Two thousand years ago, the world was ruled by Rome. From England to Africa and from Syria to Spain, one in every four people on earth lived and died under Roman law. The Roman Empire was one of the largest and most enduring in world history. The saying "All Roads Lead to Rome" alludes to Rome's position as a central hub of technology, literature, culture and architecture in the ancient world. The engineers of the Roman age created, among other things, an unparalleled network of roads in ancient and history. Approximately 50,000 miles (80,000 km) of roads spread Roman civilization and influence , built by the legions of Rome. They built strong arched bridges, and mastered the concept of "running water" using aqueducts that, among other things, supplied public baths rivaling today's modern water facilities.At the height of its power in the 1st and 2nd centuries AD, the Roman Empire consisted of some 2.2 million square miles (5.7 million sq. km). 60 million people -- as much as 1/5 of the world's population) claimed citizenship of Rome at this time and as many as 120 million people may have lived within its borders.
Roman Reenacting Today
Rome's tenacity towards any adversity created a world that lasted over a thousand years. Roman culture evolved through that time, from a small collection of villages on seven hills and the earliest kings, to the Republic, to the Empire, and this great culture is still with us. The Roman culture and military which created and held this all together is a fascinating study of organization, arts, economics, discipline, technology and thinking.
Roman reenacting is very popular in Europe and now in the United States, with new groups appearing regularly. Reenactment now encompasses military (infantry and cavalry), civilians, gladiators as well as Rome's enemies, and ranges from strictly historical to mock warfare. Moreover, it is now possible to assemble an accurate soldier's or civilian's impression from existing suppliers.
How Roman Reenacting is done
Most groups that concentrate on Roman reenacting focus on one particular Roman legion; nearly all of the legions portrayed actually existed historically, and the reenactors strive to recreate the legion as accurately as possible.
This attention to realism generally extends to the equipment worn and displayed, and to behavior displayed to each other and especially to the public; indeed, many public demonstrations attempt to recreate Roman military drills, marches, and even stage mock battles.
Who Reenacts Roman
Roman reenactment groups usually welcome women and children, in an effort to both accommodate entire families and to portray Roman civilian life. Additionally, it is not unknown for older male reenactors (who might have previously played Roman legionaries) to portray consuls, senators, or even a Roman emperor.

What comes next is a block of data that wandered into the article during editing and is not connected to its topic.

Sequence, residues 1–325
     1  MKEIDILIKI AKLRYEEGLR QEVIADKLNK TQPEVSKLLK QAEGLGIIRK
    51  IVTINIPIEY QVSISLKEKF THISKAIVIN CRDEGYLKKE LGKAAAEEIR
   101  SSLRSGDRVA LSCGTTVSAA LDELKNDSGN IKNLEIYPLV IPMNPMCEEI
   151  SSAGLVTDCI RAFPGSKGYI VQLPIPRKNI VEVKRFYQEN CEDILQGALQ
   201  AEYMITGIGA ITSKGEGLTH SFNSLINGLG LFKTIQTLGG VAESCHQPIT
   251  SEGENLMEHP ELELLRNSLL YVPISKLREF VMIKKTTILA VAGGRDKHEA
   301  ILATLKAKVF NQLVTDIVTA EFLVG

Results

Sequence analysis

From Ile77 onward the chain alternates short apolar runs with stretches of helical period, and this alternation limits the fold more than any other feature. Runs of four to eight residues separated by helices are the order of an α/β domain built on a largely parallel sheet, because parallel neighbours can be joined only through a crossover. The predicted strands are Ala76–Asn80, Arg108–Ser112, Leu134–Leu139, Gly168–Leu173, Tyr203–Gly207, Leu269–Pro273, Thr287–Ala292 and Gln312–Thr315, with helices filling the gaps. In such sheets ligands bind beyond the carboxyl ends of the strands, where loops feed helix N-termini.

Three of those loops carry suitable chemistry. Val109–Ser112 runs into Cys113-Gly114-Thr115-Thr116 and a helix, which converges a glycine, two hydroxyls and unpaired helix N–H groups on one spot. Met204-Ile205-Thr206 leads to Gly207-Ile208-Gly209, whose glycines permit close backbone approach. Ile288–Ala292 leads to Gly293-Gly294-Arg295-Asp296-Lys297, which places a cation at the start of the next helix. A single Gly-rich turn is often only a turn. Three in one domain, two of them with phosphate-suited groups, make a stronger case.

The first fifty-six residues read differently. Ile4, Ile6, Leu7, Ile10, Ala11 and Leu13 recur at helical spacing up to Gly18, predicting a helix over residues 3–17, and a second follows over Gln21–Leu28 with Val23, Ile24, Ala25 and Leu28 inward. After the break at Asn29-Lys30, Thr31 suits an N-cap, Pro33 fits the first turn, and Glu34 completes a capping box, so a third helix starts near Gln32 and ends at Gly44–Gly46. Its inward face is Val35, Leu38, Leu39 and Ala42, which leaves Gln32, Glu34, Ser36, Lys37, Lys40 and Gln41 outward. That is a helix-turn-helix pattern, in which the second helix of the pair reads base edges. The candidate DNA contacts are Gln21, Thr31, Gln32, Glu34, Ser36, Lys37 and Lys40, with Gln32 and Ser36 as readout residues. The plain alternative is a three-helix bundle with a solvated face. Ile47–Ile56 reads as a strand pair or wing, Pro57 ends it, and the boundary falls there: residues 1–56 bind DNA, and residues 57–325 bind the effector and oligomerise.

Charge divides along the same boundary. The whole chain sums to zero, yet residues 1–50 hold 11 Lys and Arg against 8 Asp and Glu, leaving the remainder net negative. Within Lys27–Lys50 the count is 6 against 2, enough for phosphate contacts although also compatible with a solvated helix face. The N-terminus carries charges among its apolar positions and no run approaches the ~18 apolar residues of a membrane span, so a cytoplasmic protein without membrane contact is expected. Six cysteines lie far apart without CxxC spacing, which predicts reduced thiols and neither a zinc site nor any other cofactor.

Roman Times Periods Portrayed
The Roman Army did not remain static and, whilst sometimes demonstrating these changes in displays of the evolving equipment and appearance of the legionary, most groups also focus on a particular time period. The most popular period is probably the 1st-2nd century, with legionaries wearing the characteristic segmented armour illustrated on Trajan's Column. However, some groups portray the Late Roman legion, after the army reforms of Diocletian.
Roman reenacting is popular in both the United States and Europe.
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RomanArmyTalk Board (RAT) -- What can we say? THE place to be... actually there's SO much stuff there, it's hard to read it all. Especially if, like me, you just have a dial-up connection...You can EASILY lose yourself there and spend HOURS reading on the RAT board. A sore butt and burning eyes, so of course, we recommend it ;-)
The RomanArmy Group (RAG) list is an e-mail list dedicated to the Roman reenactor. It has quite a bit of good knowledge and useful posts. It also doesn't fill up your in-box with garbage! Now part of reenactor.Net! ;-)
But the links sure are! (a lot, it seems) Research results on Rome, Latin, and the Roman Army will quickly reveal an apparent wealth of information on the Internet and in print. Unfortunately, web links are born, shift and die constantly, particularly since many are non-profit or academic, and most books are small print runs, gone quickly.